Does The Biggest Loser do more harm than good?
Illustration by Brennan Bova
Point: Heavily inspiring
THE BIGGEST LOSER is one of the more controversial reality shows on TV these days, and most people either love it or hate it. Personally, I say what’s not to love? I think the show is a great way to promote an active lifestyle and prove to couch potatoes living healthy and losing weight can be done, with a bit—or a lot—of hard work. Watching the hundreds of contestants that have taken part over the show’s 13 seasons (with season 14 premiering in the new year), it’s obvious NBC is doing something right.
The competitive atmosphere on the show really brings out some of the most dramatic and inspiring transformations I’ve ever seen. The competition between contestants—along with the quarter million dollar grand prize—inspires people to put forth their best efforts, and therefore they end with the best results. The show also ensures the participants live in an ideal environment for their amazing journeys to take place. Contestants live on an isolated ranch with trainers and a chef, along with others facing the same struggles as they are. Would these people be able to get healthy and reclaim their lives without the competition and the safe and open environment they are in?
Furthermore, all of the blood, sweat, and tears the contestants put into their weight loss is motivational for a lot of viewers, including myself. Seeing someone lose more than 200 pounds makes me ask, “If they can do that, why can’t I lose just 20 pounds?” The show is inspirational for those who want to become more active but need an extra push to get going. There’s nothing like watching someone go from obesity to completing a marathon to get you to tie up your own running shoes and hit the pavement. A focus on fitness is a healthy approach.
The Biggest Loser also does an excellent job at showing how much hard work it really does take to lose weight. With multitudes of weight loss products available that are supposed to show great results on the bathroom scale with little to no effort on your part, it’s nice to see the reality of losing weight without taking any shortcuts or opting for the easy way out. The hard work the participants do is recognized and appreciated during the program, along with their phenomenal results.
Every episode of The Biggest Loser is emotional, and the audience and viewers tend to pull for the contestants who struggle so hard to get to where they are. This show promotes an excellent lifestyle choice, and with the way it’s helped so many people conquer their weight problems, it’s hard to think negatively of The Biggest Loser.
Counterpoint: Not worth its weight in gold
NBC’S THE BIGGEST Loser, which is approaching its 14th season, is television at its worst. To think that every year, overweight people apply to be on a show that exposes not only their weight and eating problems, but also their personal lives and suffering makes me wonder what the world is coming to.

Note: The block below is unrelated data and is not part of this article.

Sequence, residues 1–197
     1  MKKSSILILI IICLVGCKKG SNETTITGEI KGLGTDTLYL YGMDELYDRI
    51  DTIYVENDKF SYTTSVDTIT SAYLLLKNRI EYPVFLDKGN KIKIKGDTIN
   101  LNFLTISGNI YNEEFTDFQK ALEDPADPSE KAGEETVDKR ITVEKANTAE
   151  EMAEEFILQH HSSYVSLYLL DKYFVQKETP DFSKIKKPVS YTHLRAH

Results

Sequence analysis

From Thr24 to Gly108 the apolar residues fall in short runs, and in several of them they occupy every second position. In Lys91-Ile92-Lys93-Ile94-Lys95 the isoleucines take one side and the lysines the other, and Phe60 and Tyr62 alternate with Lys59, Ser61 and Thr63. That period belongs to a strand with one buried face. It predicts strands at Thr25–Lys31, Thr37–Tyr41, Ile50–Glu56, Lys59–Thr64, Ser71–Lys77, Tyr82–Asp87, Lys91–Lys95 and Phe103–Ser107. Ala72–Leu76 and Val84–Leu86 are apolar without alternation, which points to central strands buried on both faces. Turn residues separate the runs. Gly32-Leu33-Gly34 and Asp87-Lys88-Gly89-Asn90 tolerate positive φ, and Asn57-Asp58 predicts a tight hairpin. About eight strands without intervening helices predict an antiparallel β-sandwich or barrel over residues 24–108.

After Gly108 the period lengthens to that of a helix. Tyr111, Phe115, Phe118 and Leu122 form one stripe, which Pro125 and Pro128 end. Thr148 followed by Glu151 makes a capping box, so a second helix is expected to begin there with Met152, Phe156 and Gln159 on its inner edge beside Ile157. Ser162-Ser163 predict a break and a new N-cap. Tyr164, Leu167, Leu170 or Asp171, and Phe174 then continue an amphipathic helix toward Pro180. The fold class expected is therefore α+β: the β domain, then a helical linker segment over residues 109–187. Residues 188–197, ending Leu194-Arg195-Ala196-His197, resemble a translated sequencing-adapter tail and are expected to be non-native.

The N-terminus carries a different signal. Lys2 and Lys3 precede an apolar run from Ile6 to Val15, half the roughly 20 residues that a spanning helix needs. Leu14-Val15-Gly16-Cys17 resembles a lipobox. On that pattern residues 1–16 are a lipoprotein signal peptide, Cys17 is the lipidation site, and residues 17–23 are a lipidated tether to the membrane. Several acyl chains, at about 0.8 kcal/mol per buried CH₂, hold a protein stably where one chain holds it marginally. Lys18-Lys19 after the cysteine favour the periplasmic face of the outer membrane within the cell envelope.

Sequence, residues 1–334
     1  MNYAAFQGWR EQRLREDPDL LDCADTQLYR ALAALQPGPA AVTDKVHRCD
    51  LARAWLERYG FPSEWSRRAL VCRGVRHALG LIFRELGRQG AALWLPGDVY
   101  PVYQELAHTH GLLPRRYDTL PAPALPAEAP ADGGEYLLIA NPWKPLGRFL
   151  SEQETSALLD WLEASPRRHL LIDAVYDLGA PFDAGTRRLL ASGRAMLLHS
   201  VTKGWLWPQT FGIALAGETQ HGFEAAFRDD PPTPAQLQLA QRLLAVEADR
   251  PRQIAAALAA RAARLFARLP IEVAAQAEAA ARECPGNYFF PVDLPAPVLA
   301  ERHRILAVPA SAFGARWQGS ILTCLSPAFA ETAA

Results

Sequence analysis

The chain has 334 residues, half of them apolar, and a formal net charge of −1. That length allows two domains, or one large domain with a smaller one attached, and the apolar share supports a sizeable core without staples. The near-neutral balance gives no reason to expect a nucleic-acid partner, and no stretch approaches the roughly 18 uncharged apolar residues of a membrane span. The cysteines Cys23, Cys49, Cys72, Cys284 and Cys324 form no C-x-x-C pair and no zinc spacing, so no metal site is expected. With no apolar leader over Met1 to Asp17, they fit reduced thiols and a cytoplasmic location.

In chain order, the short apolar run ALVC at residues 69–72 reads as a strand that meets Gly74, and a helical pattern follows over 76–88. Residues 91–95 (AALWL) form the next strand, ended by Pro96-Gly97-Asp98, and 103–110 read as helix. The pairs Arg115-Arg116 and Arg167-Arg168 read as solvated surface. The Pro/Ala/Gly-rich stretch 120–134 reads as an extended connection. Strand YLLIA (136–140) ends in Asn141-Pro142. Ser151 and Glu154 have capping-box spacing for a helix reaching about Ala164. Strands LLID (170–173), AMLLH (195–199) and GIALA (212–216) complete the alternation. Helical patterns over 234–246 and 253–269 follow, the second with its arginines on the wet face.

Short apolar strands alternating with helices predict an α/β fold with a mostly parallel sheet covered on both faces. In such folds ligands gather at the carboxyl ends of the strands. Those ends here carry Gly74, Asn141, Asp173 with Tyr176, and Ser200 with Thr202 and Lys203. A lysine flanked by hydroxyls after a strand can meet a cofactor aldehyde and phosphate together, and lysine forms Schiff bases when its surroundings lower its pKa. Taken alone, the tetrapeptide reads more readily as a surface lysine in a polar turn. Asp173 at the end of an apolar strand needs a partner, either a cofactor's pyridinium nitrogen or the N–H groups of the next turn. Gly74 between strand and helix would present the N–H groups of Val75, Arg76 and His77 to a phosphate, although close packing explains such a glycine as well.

While the overall goal of being healthy is admirable, these contestants are put through insanely intense exercise and strict diets. Contestants on The Biggest Loser believe they have tried everything possible on their own to lose weight and that the show is their last chance. Regardless of whether this is actually the case, these stakes are high. When you consider the exhausting workouts and emotional upheavals present on this show, it seems unfair that this is what individuals have to put themselves through in order to get help with the common problem of obesity.
Millions watch, glued to their TVs, as people who desperately want to change push themselves to the limit—some contestants have even vomited or passed out onscreen. It seems like a crazy science experiment with unrealistic standards and questionably qualified doctors who intervene only when contestants’ health becomes an issue.
Also of concern is the possibility that contestants or audience members might develop unhealthy diet and exercise habits as a result of the show. Past contestants have proven this with stories of fasting, dehydration, and working out with layered clothes before weigh-ins. Some, such as season three contestant Kai Hibbard, have spoken out about struggles with eating disorders and other mental ramifications after the show ended. Although the results seem worthwhile to many, The Biggest Loser promotes the idea that extreme is the only way to get results.
Furthermore, the show turns watching heavy people doing grueling physical work into entertainment. Is it okay to laugh at someone when they can barely run around a 200-metre track? A ticker adorns the bottom of the screen throughout the show, urging the public to “participate in the conversation” on Twitter and through other social media, and let’s face it, audience feedback isn’t always going to be constructive or encouraging.
Even the show’s trainers may not have contestants’ best interests at heart, although they act that way on camera. The trainers are paid a ton to do the show, which also markets products like DVDs, CDs, books, and journals. One of the show’s regular trainers, Jillian Michaels, often poses for fitness magazine covers and endorses an entire line of supplements, which includes pills for calorie control, fat burning, and weight loss. She also sells books and DVDs of her own. It is unfortunate that in our society we sometimes overlook those who may be harmed or taken advantage of in a system where only a few can come out on top.
To sum up, The Biggest Loser promotes an extreme lifestyle that gets results in the short term, but harms contestants in the long term. Is the entertainment value really worth it, or should we find a way to help these individuals without exploiting them?